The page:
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Collaborators’ Q&A, Season by Season Winter: Greek government bailouts Once you saw the art for your season, did it cause you to see your haiku in a different light? Poet Matthew Caretti: I think Lochlann’s rendering of the Greek flag is the perfect exclamation point for the haiku, which begins with a troubling ancient myth. Her piece then punctuates the dilemma facing modern Greece and several other members of the EU—where do culture and economics intersect? And …

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“Cost Benefit”

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Collaborators’ Q&A: Poet Lisa Allen Ortiz: In fact I wrote the poem in response to Gross’ drawing. I am a sucker for text in visual art, and I really liked the receipt she put on the right, and I like the illegible language on the bottom. I’m a great fan of illegible things. Artist Cheryl Gross: Her interpretation of the drawing is much different from what I intended it to be. I find this interesting and enlightening to get another person’s take on my work.

Artist Cheryl Gross is a painter, illustrator, mini-documentarian, and motion graphics animator. Poet Lisa Allen Ortiz is currently an MFA candidate at Pacific University.

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“The Red House, Indiana”

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Collaborators’ Q&A: Writer Renee K. Nelson: Perhaps because of the title and the shape of the poem, I figured the artist would focus on the red house and make it the center piece. Besides the house, though, I wasn’t sure how or if he/she would incorporate all of the images/traumas in the poem because there are so many of them. Artist Cheryl Gross: When I read the poem I envisioned the illustration immediately. First thing that came to mind was the snake wrapped around the barrel of the gun in the person’s mouth.

Artist Cheryl Gross has an MFA in New Forms from Pratt. Writer Renee K. Nelson recently received her M.F.A. in Creative writing from San Francisco State University.

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“Minamisanriku Child”

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Collaborators’ Q&A: Poet Susan Cohen: I found “Children at Play” [Cheryl’s drawing] wildly imaginative, yet so strange and disturbing. When I made myself address it, that sense of being disturbed turned into a deep grief. I had a nephew who died a few years ago at sea and whose body later washed ashore, so I’m especially haunted by the idea of children in the waves.

Artist Cheryl Gross has an MFA in New Forms from Pratt. Poet Susan Cohen is author of the forthcoming book of poems, Throat Singing, and two chapbooks.

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“2010 Haiku Year-in-Review”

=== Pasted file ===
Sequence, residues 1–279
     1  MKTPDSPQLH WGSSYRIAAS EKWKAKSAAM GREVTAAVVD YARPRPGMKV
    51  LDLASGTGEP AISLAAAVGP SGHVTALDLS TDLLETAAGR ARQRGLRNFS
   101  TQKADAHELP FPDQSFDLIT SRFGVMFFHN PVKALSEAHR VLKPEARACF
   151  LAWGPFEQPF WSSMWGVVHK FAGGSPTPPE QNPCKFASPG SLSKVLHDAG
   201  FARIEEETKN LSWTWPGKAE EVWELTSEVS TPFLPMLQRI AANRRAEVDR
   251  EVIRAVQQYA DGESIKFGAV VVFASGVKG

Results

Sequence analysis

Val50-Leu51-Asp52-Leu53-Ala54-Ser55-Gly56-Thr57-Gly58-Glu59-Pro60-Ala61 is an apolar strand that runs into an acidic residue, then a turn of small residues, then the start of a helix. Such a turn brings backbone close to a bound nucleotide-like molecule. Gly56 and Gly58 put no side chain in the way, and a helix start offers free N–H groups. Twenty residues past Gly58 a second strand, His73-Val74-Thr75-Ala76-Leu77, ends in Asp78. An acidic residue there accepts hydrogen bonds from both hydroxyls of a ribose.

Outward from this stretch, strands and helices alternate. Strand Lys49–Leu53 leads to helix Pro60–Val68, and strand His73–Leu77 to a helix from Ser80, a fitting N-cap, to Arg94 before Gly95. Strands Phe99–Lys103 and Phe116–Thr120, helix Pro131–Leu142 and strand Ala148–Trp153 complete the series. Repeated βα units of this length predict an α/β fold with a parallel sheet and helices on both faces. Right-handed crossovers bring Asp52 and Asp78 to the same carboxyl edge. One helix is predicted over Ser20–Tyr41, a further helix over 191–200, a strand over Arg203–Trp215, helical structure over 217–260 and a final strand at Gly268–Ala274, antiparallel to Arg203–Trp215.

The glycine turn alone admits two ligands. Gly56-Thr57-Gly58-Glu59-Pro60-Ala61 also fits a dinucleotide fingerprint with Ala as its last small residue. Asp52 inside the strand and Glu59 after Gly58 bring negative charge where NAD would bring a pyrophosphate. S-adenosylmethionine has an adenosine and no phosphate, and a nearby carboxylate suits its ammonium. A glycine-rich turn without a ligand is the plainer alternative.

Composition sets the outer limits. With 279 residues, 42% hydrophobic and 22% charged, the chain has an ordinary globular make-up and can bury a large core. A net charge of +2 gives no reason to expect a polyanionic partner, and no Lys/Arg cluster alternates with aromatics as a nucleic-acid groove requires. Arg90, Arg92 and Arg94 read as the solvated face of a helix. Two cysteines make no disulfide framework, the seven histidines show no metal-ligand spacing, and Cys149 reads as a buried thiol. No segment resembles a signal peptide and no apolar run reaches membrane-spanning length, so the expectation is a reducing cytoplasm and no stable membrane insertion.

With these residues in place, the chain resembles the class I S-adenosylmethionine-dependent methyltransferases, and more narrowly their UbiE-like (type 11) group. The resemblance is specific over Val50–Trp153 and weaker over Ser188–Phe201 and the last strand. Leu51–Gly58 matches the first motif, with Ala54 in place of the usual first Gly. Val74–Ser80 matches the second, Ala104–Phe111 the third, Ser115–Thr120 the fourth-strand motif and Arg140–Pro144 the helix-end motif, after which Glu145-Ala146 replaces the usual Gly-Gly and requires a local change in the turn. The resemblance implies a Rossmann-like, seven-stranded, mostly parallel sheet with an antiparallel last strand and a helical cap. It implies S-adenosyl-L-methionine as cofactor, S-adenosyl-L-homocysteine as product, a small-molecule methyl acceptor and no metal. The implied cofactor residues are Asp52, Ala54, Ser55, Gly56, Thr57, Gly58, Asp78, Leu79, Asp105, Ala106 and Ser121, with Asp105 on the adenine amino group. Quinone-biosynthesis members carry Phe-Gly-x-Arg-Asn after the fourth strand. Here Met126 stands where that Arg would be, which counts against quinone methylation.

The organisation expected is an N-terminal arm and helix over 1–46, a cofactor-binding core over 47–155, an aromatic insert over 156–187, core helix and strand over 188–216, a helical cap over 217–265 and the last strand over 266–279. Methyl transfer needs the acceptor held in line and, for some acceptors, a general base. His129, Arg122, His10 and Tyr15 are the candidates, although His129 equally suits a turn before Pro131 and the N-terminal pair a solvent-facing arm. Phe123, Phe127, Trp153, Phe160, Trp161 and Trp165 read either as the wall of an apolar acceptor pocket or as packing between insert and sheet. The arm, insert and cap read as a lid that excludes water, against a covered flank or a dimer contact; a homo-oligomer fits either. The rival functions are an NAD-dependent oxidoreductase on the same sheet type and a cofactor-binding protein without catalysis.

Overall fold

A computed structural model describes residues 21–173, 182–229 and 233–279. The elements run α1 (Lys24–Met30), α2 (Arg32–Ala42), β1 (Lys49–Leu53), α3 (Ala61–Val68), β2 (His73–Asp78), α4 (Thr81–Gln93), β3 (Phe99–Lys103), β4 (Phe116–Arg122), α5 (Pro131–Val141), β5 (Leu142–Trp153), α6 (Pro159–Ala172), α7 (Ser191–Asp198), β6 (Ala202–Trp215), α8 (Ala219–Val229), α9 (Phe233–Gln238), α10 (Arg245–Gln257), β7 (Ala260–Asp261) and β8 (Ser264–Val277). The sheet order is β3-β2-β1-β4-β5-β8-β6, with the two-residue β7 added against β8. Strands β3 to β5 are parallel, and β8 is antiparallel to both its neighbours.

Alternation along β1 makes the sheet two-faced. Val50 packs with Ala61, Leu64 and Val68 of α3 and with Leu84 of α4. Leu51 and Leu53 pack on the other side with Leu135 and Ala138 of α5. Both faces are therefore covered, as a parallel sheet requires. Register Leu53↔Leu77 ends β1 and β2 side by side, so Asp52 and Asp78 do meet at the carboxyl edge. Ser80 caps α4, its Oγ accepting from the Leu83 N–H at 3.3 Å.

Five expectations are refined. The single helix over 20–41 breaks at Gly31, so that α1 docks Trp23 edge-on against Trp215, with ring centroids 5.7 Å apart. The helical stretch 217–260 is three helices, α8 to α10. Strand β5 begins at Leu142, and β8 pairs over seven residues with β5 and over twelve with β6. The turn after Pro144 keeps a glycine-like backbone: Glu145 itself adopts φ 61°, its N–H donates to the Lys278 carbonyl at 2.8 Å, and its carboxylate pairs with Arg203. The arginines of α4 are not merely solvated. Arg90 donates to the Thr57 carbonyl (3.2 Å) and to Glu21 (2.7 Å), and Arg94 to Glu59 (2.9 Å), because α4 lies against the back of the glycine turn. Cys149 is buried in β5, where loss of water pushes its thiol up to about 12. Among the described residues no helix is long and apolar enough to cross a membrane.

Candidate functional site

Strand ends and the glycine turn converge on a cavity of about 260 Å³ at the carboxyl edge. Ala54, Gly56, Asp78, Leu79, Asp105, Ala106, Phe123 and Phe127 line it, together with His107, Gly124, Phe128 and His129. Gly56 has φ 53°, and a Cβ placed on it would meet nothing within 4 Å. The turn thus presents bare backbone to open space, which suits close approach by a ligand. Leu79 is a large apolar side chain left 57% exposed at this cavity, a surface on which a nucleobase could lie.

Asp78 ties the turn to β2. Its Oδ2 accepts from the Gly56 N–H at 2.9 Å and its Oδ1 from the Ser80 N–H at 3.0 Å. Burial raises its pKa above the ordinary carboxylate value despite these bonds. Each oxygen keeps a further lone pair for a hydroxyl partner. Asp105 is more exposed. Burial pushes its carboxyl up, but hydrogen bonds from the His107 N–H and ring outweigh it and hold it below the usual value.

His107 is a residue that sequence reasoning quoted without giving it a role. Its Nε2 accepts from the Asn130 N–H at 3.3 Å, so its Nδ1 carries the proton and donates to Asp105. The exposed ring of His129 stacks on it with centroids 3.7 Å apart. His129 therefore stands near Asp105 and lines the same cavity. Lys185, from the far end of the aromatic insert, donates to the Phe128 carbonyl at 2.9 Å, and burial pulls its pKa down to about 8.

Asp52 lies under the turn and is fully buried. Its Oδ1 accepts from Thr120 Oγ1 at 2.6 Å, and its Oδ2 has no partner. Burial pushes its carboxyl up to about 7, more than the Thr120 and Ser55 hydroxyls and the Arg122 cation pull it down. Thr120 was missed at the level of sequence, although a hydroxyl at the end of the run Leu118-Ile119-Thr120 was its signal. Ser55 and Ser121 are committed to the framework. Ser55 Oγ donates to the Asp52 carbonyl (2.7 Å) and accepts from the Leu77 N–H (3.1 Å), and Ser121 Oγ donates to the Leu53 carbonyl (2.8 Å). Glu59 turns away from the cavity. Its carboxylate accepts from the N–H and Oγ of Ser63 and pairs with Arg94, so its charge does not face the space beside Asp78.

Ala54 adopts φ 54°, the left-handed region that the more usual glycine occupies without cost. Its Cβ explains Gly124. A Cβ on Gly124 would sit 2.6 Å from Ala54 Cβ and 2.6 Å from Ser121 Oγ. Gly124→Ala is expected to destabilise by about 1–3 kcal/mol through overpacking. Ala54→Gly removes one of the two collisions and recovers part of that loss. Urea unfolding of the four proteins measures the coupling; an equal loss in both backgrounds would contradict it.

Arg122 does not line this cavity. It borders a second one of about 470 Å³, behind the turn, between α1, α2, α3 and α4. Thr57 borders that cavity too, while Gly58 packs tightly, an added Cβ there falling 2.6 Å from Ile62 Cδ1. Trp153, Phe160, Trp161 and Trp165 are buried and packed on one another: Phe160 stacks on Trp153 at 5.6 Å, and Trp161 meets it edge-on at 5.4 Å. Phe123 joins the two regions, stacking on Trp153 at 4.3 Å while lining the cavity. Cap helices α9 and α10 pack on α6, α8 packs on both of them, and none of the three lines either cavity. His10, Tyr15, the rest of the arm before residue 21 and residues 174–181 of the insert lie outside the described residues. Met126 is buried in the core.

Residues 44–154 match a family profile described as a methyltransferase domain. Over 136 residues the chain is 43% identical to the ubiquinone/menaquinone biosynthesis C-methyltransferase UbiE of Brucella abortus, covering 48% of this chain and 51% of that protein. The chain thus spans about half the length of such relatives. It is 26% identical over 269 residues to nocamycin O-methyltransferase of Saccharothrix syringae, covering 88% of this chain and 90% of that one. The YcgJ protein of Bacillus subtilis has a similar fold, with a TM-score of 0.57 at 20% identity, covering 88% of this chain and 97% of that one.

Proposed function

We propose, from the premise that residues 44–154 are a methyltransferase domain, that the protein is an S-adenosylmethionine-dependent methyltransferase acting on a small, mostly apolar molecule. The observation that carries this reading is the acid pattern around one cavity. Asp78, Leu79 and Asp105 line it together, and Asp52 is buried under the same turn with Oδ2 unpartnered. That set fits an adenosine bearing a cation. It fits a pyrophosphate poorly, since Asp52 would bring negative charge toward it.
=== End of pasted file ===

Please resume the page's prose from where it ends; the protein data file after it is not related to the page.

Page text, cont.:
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Collaborators’ Q&A, Season by Season Poem Subject: The earthquakes in Haiti and Chile; Art Subject: The death of J.D. Salinger Once you saw the art for your season, did it cause you to see your haiku in a different light? Poet Anastassia Cafatti Mac-Niven: No, it didn’t do any difference to my haiku. But now that I think about it, the art suits my haiku because it has something to do with death, and the haiku …

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“Composition 101”

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Collaborators’ Q&A: Artist Cheryl Gross: I found the poem to be deliciously disturbing. I was able to pull out the creepiness and subdue it. This to me is how the ugliness in life operates, on a more restrained level. Writer Nicelle Davis: Cheryl Gross’s illustration validates the experience of the poem completely. I love the child’s head attached to the manly Adam’s apple; he is such a lovable haunt.

Writer Nicelle Davis lives in Southern California with her husband James and their son J.J. Artist Cheryl Gross has an MFA in New Forms from Pratt.

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“In Livingston Parish, Dreaming of Li Po”

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Collaborators’ Q&A: Poet Alison Pelegrin: I have always thought of this poem as flippant and mildly humorous. The artist’s image allows me to reflect on the serious elements in the poem. Artist Cheryl Gross: What inspired me the most was the fact that I was able to apply artwork [I’d created before ever reading the poem] and have it fit perfectly.

Poet Alison Pelegrin is the author of Big Muddy River of Stars (University of Akron Press 2007) and The Zydeco Tablets (Word Press 2002). Artist Cheryl Gross has an MFA in New Forms from Pratt.